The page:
"In any matter," Lanski continued after the waiter left, lifting his teacup and waiting for it to cool slightly. "Without beating around the bush any longer; I've come to learn you have found my plans for the AI project to be distasteful. I'm sorry to hear that, Michael."
While the man remained outwardly friendly, Michael tensed at the sudden business-like attitude Lanski emitted. "Oh, you mean the project that would lend Kitt's AI science to the military?" asked Michael, feeling defensive. Yeah. He had been a bit put off by the idea. So had Kitt.
"If you'd prefer to say it that way," said Lanski with apparent disappointment. "All I mean to do is adapt the AI to suit the needs of the army—for defensive purposes only!" he added quickly, smiling as though he had caught Michael before he had a chance to complain. "I am well aware of my uncle's wishes, Michael. I would never wish to use his technology as offensive weaponry in the military. That would be a waste of his genius."
Michael's frown darkened. "I'm sure you've thought it out in your neat little planning, but did you remember to include the possibility that the Wilton's technology can be hacked and altered?" he asked, sitting up properly.
Lanski paused only minutely over his tea. "As you and Kitt have found out from experience, I'm told," he said conversationally before taking a sip.
Michael hesitated and instantly felt angry. Lanski was referring to several occasions. Kitt's CPU was a complicated thing, but some advanced science geeks like , could use it against them both. Those moments weren't the highlights of he and Kitt's relationship, but they certainly made their bond stronger. It pained Michael, however, to realize that there were some things he couldn't help his buddy in—or protect him from.
"Those were rare instances," Michael replied stiffly. "But it does support my point. This is intense technology, but it's not infallible to tampering."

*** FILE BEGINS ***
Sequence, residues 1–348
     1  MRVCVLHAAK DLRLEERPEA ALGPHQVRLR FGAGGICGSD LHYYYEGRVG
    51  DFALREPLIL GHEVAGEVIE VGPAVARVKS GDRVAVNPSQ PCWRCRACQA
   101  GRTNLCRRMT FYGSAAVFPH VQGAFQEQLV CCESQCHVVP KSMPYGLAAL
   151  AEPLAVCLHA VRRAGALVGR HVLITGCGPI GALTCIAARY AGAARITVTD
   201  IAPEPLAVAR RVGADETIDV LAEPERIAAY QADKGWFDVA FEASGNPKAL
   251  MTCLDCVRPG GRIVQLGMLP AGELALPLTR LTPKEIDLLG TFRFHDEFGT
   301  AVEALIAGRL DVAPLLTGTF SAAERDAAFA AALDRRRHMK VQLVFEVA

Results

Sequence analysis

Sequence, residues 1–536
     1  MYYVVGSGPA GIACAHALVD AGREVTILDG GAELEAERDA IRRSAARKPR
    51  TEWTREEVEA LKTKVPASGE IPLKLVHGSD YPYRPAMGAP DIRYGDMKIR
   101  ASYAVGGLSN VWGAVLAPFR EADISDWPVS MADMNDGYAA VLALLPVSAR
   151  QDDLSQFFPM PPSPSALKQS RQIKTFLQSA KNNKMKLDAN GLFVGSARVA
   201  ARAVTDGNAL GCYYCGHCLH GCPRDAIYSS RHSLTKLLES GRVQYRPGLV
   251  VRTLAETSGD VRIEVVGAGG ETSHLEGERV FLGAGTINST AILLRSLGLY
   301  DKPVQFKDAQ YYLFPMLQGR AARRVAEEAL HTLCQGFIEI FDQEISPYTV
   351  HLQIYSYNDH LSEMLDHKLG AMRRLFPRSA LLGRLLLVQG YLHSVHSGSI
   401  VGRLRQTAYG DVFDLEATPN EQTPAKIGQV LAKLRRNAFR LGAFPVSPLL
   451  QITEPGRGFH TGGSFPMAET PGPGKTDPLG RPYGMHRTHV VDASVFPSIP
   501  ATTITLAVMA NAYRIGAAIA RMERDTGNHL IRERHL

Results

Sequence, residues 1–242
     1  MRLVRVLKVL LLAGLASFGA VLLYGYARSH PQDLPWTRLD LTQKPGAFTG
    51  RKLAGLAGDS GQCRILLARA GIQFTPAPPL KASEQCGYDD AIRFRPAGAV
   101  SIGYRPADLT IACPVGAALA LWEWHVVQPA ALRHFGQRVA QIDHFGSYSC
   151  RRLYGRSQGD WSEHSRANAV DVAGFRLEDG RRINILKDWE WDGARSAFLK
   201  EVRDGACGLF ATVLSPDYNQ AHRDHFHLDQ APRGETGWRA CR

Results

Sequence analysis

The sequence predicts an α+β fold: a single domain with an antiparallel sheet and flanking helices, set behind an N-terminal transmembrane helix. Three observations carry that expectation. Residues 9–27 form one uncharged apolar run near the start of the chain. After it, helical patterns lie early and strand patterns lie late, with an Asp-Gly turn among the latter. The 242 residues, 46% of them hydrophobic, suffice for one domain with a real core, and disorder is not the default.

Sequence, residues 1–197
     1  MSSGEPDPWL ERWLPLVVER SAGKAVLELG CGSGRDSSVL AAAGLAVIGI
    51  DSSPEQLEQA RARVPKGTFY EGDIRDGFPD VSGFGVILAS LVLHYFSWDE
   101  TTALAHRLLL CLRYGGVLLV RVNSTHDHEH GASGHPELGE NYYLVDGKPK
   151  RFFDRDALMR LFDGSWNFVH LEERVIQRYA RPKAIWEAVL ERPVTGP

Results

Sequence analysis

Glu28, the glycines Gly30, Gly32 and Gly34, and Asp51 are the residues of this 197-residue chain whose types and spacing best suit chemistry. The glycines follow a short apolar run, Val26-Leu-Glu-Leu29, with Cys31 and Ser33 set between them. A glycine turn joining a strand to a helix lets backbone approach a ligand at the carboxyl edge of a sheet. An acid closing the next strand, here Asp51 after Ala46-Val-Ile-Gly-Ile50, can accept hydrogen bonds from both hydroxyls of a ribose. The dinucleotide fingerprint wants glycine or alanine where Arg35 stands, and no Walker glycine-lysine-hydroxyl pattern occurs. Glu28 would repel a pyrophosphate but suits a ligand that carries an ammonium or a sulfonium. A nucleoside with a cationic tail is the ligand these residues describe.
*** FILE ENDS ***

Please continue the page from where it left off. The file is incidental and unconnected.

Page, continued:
"That I am well aware of. We will have multiple fail-safes in place just on the off chance someone does tamper with the AIs." Lanski laughed and wave his hand in a dismissive gesture at the younger man. "Please, Michael, I am no fool! I've calculated all those little factors and more and frankly, this project still looks very bright. The Board is very supportive of it. We need to iron out the finer details in our next meeting with the CSA."
So, it was a definite, yet. Relief momentarily filled Michael's gut. Maybe they could get out it. "So you're going to use Kitt's brain to make a new line of defensive-weapons," he said, assuming the role of offense instead of defense. He leaned closer to the table, meeting Lanski's gaze. "Don't you think you're overstepping your bounds a bit, Mr. Lanski?"
"How so, Michael?" asked Lanski, sounding honestly confused.
"Wilton never wanted a military program," snapped Michael, motioning angrily with his hand. "It beats everything he ever said about violence."
"My uncle was a hypocrite in that area," replied Lanski coolly. He glanced over at Kitt and then back at Michael. "He vouched for non-violence and yet sent a lone man with a very much dangerous weapon on the streets to physically catch criminals. That, my dear sir, is violence and not truly even legal at that!"
Michael hesitated, insulted as well as shocked. "Kitt and I save people's lives!" he said, pointing at Kitt. He leaned closer to the table, his voice lowering, but his glare never wavering. "I'm sorry if we don't just sit around eating cake and tea all day while the bad guys get away. We'd rather we out there saving lives and stopping criminals from getting away with the things the cops can't always stop!"
"A man with that sort of agenda is something the police consider a vigilante," replied Lanski calmly. His eyes grew darker, however, as they met Michael's glare with ease. "And that, my boy, is not a legal enterprise."
Now, Michael felt threatened. He stared at Lanski, ready to throttle the man. "FLAG has a contract with the government," he began.
"Nothing that includes sending a legally-dead ex-police officer after possibly-innocent-until-proven-guilty citizens, I assure you," countered Lanski.
"Mr. Lanski," began Kitt suddenly. The two humans jumped and looked at him, surprised. He sounded calm. "As much as your observation makes sense in legal terms, Michael and I are well aware of Wilton Knight's wishes to avoid violence. We use the least amount of violence as possible while apprehending criminals and by moving as efficiently as we do, we avoid the causalities that may have resulted if we had not stepped in when we did."